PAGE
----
Meet the trader: Saul Roa, the shop owner working to help farmers

Petit Village shop owner, Saul Roa. Photo Credit: Amarachi Ngwakwe

While greeting customers into his shop, Saul Roa pushes fresh sugar cane through an industrial juicer. Sourced from Brazil, the 5ft long stalks enter like tubes on one end, and come out as flattened straws on the other. Tossing the scraps into a bin, Roa offers me a drink. He gently turns a spigot and like a fountain, the fresh-pressed juice falls out of the machine into my cup. A sugary aroma fills the air, calming music plays over the speakers, and I settle into the welcoming environment of Petit Village.   

“Petit in Catalan is small, and then a village is like something local,” Roa says. “The idea was, like in a village, you can find everything. We have the fruit and veg, we started having the groceries, also you have coffee, and you have juices.” Located on Deptford High Street, the shop also sells plants and artwork, and hosts a range of gardening classes.  As a team of one, Roa balances several responsibilities to keep the shop running seven days a week, but his hope to create a more equitable business experience for farmers keeps him going.  

Roa, 32, was born in the Dominican Republic, where his father used to be a farmer. At the age of eight, he moved to Barcelona where he grew up and went to school, but in 2012 an opportunity arose for him to enter the farming business with his father. 

“One of the neighbours from my father was an old man. (When) he died; the sons and family didn’t want to take care of the land, so I bought and we started growing avocados.” It takes five years for avocado trees to grow and produce fruit, so for a small farm like Roa’s it was challenging to pay workers and take care of the plants, but in 2017 things took off. Roa began shipping and selling avocados in England. Everything was going great, according to Roa, “It was an amazing project and then COVID just happened.” 

The global pandemic put a halt to international travel which meant there were no flights to transport produce from the Dominican Republic to London. That is when Roa began using shipping containers to transport his goods. “We couldn’t bring it by air, so we start to bring it by sea.” 

“It was a big challenge, but we started selling it, people like it, and it was great.” However, not every farmer was able to adapt to the challenges caused by Covid. Sao says local farmers began asking for his help in shipping their produce because they faced similar struggles.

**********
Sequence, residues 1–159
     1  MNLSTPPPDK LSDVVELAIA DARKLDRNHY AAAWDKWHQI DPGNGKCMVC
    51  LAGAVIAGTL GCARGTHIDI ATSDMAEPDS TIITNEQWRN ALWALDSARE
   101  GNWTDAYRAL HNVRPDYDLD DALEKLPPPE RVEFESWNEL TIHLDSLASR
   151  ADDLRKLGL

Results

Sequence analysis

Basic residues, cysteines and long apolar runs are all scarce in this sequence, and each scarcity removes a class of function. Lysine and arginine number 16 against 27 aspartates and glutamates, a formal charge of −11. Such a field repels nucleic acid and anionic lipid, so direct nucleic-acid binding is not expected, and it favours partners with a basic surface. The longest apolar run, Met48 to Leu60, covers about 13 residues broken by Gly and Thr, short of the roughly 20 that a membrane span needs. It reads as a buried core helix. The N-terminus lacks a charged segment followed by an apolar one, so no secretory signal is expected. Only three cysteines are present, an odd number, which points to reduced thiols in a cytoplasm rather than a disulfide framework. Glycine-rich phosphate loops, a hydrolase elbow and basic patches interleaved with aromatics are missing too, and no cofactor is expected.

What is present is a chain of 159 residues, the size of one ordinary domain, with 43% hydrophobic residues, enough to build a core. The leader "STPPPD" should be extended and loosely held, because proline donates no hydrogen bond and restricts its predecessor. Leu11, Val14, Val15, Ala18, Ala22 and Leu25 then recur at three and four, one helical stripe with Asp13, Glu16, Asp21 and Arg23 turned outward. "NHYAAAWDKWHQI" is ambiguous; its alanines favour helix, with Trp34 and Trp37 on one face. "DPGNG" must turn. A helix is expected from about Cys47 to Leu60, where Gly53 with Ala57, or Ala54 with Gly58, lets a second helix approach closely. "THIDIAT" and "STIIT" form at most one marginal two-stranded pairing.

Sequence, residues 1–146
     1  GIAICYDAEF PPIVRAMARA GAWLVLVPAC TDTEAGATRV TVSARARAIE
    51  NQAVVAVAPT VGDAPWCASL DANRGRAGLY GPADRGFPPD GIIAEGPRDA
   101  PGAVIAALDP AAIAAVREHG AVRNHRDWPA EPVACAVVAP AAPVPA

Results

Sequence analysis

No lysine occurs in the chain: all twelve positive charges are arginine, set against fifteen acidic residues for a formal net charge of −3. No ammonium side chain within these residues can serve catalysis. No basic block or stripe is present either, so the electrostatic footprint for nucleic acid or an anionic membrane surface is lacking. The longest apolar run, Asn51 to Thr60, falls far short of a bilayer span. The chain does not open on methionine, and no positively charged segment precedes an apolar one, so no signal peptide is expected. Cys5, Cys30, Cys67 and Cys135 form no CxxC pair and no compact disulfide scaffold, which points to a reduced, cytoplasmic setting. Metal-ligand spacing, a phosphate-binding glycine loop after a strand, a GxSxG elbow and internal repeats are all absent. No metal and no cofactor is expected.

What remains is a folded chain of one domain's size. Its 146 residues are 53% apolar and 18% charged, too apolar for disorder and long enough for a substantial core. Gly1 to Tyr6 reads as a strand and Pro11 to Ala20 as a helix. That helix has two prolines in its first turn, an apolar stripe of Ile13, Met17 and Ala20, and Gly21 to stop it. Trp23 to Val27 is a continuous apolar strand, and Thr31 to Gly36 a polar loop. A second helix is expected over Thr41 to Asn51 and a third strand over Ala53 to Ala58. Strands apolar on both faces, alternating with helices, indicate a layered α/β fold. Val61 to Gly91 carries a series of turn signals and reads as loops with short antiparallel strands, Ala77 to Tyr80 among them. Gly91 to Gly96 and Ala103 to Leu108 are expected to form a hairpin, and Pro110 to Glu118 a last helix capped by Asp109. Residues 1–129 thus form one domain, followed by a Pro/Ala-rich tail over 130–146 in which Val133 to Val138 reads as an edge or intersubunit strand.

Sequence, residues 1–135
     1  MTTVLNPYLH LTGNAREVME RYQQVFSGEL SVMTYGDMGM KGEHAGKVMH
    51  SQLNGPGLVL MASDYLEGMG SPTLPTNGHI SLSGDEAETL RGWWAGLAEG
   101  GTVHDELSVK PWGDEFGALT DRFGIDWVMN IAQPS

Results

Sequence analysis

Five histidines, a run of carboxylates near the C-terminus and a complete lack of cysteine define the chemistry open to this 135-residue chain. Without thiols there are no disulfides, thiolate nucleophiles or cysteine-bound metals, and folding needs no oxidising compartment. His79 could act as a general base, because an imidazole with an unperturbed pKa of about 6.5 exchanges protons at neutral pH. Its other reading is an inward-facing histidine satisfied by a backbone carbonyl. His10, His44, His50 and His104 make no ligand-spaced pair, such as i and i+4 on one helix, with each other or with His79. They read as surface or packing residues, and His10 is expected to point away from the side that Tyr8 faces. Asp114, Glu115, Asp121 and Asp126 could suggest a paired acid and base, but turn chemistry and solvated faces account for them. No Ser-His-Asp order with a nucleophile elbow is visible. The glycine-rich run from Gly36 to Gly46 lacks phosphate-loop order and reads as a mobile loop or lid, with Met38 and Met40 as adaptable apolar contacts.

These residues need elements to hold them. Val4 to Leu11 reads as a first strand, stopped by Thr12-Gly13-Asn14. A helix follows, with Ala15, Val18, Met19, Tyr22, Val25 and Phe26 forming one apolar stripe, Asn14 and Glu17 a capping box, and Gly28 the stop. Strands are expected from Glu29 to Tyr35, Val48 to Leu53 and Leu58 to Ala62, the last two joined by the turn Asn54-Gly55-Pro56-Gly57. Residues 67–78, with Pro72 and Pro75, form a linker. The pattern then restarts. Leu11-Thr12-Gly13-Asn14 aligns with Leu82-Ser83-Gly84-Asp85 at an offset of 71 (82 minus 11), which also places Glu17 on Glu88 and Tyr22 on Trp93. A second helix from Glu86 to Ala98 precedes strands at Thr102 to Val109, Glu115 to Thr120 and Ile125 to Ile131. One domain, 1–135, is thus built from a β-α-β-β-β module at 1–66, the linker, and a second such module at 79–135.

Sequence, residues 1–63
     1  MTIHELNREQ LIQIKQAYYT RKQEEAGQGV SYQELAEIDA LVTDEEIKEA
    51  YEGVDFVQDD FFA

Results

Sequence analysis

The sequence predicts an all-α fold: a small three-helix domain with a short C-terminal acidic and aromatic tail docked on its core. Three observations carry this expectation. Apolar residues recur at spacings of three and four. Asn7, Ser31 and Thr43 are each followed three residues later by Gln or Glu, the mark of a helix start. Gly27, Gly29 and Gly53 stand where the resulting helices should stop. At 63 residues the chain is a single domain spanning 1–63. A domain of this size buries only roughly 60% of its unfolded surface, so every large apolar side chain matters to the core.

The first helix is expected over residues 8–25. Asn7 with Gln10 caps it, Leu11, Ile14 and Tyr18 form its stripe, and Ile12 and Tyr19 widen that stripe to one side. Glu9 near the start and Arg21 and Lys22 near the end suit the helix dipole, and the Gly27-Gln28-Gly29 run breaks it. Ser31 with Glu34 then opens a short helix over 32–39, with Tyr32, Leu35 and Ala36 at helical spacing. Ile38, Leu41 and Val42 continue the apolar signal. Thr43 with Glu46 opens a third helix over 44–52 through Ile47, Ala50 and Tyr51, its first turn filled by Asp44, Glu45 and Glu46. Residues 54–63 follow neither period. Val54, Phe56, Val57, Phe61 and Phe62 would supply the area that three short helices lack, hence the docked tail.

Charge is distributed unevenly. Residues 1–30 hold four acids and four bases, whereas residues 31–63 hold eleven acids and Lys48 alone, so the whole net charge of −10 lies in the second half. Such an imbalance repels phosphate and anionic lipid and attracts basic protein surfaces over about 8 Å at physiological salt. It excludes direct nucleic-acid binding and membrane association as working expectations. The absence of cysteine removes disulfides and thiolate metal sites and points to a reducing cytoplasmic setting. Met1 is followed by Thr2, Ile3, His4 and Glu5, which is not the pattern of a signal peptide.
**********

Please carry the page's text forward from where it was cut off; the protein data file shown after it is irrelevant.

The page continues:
“They need that money for the family – to pay for college, you know, to get the nice houses and to live decently, and they couldn’t do that because of Covid.”  

Photo Credit: Amarachi Ngwakwe

According to the Food and Agriculture Organization of the United Nations, before the pandemic, about 30 percent of the world’s food was lost or wasted each year; but closures and disruptions in the agrifood chain onset by covid have resulted in increased food loss and waste during the pandemic.  

Throughout Latin America many farmers went several seasons without selling any of their crops. That was how Roa began shipping produce, mainly mangos for other farmers, but in the end “it was a disaster.” At the time, there were a lot of mangoes simultaneously coming from Brazil to London, causing the market price to fall to the floor. 

“Normally the price was £6 a box – we were selling £1 a box – it’s a big difference. 

“And some of the wholesalers say, ‘No, we don’t want it because we have a lot there’s too many.’” In the end, Roa had to dump half of the container because he was unable to sell it.  

After that experience Roa began to envision a new solution. “I was thinking, ‘If I have a shop or something where I can sell directly to the customer at least I could sell to different growers, because I know I have the customer and I could sell this amount of produce.’” 

From discovering the shop, to opening the business, the turnaround time was three months. Photo Credit: Amarachi Ngwakwe

So when a commercial space for a new shop was available on Deptford’s High Street, Soa jumped at the opportunity. To bring the space to life, touches of Deptford’s local identity can be seen throughout the shop with handpainted art hanging along the wall. One of the largest pieces is a gift from a local artist born in Deptford. Roa says the artist “gave it to the shop like a present to bring good luck.”  

Photo Credit: Amarachi Ngwakwe

If the painting works, in the future Roa hopes to work with more companies who “that really take care of the growers and take care of the people who work with them.” 

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